Ford has released some pretty awesome vehicular mashups lately, one being their Bronco-turned-tank. However, now, the iconic American car brand has debuted yet another interesting mashup. Interestingly, it comes courtesy of the Ford Mustang and a Ford pickup.
According to Fox News, the Ford mashup originated in a custom truck shop in Thailand. The vehicles used to create the unique ride features the frontal fascia of a ShelbyGT350 and the body style of a Ford Ranger. Of course, the Ford mashup also features the iconic double-white stripes prominent down the middle of the majority of Ford Mustangs.
As ridiculous as the new combination might sound, the images Fox released feature a pretty slick-looking pickup. For perspective, we could definitely see it on the set of the “Fast & Furious” franchise given the chance. Further, the style of the truck conjoined with the sporty statement of the Shelby GT mark only the beginnings of this unique mashup. The outlet stated the Ford Mustang pickup also comes with an air suspension that turns the truck into a lowriding hotrod.
Unfortunately, we don’t have much information regarding the details of the unique vehicle’s engine. However, Fox did say the Ford Rangers built and sold in Thailand come with turbo-charged diesel four-cylinder engines. If anything, we can assume the Ford mash-up packs a bit of punch under the hood.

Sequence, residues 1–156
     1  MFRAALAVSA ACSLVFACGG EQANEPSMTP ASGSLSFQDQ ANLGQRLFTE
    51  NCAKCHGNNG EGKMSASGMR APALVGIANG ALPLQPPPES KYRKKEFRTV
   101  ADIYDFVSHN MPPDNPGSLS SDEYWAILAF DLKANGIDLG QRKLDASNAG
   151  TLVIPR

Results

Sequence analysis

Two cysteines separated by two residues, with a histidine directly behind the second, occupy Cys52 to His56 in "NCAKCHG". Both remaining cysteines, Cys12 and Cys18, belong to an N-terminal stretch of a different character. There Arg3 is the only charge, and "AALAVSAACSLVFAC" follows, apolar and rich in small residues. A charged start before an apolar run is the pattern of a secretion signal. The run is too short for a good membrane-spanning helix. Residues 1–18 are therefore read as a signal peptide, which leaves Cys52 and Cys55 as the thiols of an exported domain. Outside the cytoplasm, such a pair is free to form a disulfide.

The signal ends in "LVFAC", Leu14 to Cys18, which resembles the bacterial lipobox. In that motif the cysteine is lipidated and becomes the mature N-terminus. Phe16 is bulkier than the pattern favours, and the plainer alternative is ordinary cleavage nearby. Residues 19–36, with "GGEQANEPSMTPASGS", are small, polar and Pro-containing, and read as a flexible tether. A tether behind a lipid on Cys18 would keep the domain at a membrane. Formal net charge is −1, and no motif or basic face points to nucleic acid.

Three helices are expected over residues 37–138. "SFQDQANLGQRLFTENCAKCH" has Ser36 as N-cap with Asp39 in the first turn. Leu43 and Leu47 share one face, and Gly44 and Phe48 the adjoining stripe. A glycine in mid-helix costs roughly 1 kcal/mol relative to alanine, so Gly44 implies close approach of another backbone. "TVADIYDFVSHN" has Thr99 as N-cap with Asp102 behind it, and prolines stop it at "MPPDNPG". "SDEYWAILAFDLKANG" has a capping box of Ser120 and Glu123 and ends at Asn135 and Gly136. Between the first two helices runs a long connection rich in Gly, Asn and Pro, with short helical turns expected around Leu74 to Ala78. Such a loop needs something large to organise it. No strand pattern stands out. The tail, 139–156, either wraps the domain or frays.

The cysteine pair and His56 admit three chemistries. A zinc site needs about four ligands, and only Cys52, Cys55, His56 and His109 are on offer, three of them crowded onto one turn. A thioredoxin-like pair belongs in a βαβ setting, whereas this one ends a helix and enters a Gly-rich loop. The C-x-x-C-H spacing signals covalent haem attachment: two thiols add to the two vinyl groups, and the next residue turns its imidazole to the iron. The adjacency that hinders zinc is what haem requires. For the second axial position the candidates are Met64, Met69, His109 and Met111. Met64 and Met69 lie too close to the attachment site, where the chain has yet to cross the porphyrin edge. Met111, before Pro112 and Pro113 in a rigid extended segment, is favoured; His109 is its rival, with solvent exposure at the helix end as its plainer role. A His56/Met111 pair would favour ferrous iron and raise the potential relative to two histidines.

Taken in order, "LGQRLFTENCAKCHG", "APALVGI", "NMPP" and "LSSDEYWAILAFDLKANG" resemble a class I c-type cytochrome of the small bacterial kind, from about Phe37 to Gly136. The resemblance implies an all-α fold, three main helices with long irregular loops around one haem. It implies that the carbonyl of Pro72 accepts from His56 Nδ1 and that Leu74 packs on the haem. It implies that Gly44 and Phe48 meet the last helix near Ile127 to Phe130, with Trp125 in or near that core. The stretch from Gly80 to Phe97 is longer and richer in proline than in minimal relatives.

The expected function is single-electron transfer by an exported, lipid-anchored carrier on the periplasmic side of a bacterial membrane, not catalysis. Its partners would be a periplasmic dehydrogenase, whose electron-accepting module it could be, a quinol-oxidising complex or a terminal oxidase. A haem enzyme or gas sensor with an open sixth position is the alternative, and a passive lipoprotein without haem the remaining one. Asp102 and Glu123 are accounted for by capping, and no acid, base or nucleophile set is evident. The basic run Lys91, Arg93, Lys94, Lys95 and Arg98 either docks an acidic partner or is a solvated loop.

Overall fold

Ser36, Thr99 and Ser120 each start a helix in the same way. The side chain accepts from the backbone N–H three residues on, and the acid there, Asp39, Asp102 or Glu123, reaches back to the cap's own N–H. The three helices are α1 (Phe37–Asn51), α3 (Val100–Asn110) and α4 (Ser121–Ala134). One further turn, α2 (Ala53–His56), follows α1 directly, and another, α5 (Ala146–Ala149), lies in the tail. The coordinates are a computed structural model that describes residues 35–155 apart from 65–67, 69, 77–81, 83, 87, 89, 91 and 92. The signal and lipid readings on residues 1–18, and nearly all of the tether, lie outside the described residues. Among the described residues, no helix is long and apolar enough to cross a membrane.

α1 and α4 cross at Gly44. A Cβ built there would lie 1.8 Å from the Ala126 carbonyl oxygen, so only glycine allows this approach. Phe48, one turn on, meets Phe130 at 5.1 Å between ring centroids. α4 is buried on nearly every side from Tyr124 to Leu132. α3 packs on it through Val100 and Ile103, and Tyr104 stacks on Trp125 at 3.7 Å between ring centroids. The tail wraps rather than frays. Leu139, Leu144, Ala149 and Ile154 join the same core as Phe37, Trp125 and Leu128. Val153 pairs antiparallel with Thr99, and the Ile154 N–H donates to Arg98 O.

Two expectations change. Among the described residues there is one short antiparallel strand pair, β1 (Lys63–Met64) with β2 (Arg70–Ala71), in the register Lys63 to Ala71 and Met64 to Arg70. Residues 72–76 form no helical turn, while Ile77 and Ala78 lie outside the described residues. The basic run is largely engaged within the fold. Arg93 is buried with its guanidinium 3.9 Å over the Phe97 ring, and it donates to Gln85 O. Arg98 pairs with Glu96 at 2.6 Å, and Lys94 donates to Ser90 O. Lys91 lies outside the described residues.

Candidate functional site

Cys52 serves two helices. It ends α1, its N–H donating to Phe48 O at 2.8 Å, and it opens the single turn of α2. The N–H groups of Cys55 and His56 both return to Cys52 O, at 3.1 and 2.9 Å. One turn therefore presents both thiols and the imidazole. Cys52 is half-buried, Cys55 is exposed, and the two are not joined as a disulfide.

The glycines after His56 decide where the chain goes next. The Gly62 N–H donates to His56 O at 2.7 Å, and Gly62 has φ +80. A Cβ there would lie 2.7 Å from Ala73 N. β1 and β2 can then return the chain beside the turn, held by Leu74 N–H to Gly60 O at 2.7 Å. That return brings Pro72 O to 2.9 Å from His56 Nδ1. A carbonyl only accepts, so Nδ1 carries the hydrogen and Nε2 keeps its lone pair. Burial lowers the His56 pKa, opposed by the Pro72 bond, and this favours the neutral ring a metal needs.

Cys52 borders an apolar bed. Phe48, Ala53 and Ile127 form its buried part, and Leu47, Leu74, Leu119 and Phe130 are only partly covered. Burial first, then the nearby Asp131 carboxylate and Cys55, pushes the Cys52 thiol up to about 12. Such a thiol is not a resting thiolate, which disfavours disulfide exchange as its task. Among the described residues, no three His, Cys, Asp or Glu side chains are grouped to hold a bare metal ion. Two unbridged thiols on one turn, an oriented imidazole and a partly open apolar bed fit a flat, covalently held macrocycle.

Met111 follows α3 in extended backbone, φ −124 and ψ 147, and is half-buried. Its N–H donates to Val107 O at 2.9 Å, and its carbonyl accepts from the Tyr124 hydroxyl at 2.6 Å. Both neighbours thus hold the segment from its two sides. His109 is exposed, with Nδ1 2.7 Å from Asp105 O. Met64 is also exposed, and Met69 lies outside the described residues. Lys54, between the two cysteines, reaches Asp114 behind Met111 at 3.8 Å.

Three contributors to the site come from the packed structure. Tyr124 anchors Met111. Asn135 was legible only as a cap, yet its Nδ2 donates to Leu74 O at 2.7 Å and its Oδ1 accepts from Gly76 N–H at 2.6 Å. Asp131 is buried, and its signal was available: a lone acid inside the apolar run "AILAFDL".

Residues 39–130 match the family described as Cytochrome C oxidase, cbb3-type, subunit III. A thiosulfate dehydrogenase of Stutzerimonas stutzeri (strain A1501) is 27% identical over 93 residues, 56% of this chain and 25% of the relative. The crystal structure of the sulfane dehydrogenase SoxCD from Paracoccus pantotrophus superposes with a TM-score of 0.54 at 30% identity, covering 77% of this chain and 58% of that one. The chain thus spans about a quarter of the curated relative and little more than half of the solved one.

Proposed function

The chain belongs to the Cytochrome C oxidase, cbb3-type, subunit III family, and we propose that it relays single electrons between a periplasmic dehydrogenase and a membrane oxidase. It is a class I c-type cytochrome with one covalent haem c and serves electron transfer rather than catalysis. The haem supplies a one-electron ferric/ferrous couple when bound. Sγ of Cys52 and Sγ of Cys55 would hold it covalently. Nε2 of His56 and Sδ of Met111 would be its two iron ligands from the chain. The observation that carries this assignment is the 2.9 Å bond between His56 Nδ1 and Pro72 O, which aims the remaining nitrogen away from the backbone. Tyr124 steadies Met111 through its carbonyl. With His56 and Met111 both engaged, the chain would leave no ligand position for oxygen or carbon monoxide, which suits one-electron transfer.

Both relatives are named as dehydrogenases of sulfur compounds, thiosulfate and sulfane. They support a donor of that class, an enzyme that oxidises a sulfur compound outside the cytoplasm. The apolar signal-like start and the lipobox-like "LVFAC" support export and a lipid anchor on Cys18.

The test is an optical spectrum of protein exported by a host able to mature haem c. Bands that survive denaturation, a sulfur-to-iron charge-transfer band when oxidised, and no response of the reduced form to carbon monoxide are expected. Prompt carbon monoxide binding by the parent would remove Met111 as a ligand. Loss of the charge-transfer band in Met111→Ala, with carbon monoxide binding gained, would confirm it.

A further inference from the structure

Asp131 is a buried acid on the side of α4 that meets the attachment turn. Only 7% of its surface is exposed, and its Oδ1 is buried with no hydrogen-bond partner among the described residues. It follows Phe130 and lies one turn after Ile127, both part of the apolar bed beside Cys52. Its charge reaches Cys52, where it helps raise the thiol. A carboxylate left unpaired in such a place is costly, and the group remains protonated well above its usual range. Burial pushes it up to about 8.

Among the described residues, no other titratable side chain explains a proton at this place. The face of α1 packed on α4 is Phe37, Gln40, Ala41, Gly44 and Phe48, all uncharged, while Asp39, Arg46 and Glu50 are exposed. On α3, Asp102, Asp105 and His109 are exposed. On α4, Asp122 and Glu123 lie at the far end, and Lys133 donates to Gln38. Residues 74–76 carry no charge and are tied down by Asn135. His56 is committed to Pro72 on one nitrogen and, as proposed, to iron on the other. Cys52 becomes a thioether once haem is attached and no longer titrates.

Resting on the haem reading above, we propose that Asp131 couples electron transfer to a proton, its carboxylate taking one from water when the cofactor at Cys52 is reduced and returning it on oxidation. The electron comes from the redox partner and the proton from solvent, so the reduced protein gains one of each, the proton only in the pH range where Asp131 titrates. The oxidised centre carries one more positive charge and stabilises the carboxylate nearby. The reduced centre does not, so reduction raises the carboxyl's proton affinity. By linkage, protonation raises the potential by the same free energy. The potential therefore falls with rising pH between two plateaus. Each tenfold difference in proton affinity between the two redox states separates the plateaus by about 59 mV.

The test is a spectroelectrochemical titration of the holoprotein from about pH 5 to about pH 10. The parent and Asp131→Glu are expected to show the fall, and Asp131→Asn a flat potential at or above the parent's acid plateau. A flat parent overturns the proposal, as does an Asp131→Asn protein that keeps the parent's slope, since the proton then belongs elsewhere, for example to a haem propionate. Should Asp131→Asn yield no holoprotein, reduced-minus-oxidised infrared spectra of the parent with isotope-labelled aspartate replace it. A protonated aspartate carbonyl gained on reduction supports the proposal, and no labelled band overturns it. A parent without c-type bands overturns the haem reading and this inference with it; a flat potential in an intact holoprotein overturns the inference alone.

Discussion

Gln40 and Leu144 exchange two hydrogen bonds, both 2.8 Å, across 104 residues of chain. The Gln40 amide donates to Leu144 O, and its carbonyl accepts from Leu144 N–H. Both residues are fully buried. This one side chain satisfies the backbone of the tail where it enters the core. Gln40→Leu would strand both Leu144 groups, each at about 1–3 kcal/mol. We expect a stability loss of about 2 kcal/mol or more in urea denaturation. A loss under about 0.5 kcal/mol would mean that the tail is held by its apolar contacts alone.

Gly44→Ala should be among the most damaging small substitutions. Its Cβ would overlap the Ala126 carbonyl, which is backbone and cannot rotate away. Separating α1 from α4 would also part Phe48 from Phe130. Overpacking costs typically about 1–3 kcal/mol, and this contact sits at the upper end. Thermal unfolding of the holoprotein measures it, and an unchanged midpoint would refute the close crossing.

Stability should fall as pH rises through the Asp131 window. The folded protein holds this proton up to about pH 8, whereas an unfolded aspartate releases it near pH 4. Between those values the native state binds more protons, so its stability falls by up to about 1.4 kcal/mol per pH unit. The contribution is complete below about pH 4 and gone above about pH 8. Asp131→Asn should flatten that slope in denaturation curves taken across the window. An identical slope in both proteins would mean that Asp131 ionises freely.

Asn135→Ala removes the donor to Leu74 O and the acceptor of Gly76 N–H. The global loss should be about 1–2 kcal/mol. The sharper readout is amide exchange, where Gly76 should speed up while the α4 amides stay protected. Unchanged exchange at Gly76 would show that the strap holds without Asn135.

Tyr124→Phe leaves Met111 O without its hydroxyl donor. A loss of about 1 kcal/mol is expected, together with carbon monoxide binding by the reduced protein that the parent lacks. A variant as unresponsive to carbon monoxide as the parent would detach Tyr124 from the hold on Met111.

Ford Combats Industry Shortage as Dealerships Struggle
The conductor chip shortage that’s plagued the auto industry since the beginning of the COVID-19 pandemic does not seem to be getting any better. The ever-important chips are necessary in electronics ranging from, of course, automobiles down to laptops and cellphones. However, they remain in short supply. Industries internationally are deciphering how to cope with the growing problem.
One unideal solution came as auto brands closed down assembly lines across the country. Both Ford and GM were forced to follow suit. In this way, they were able to avoid excess production without the necessary chips. And despite those shutdowns, both Ford and GM continue to avoid drops in profit.
As the shortage has endured as we enter nearly two years into the global pandemic, Ford has seen a rise in sales of larger vehicles. These include, obviously, pickup trucks as well as larger SUVs.
However, while Ford manages to rake in a profit despite the industry struggle, the chip shortage poses a major problem for consumers. Because companies are now focusing on their newer auto models, prices are drastically increasing and consumers are rapidly losing the ability to attain older, more affordable models.
Solid proof comes as auto lots across the country see a drastic lack of product. Many dealerships feature empty, or nearly empty lots, speaking to the international range of the shortage.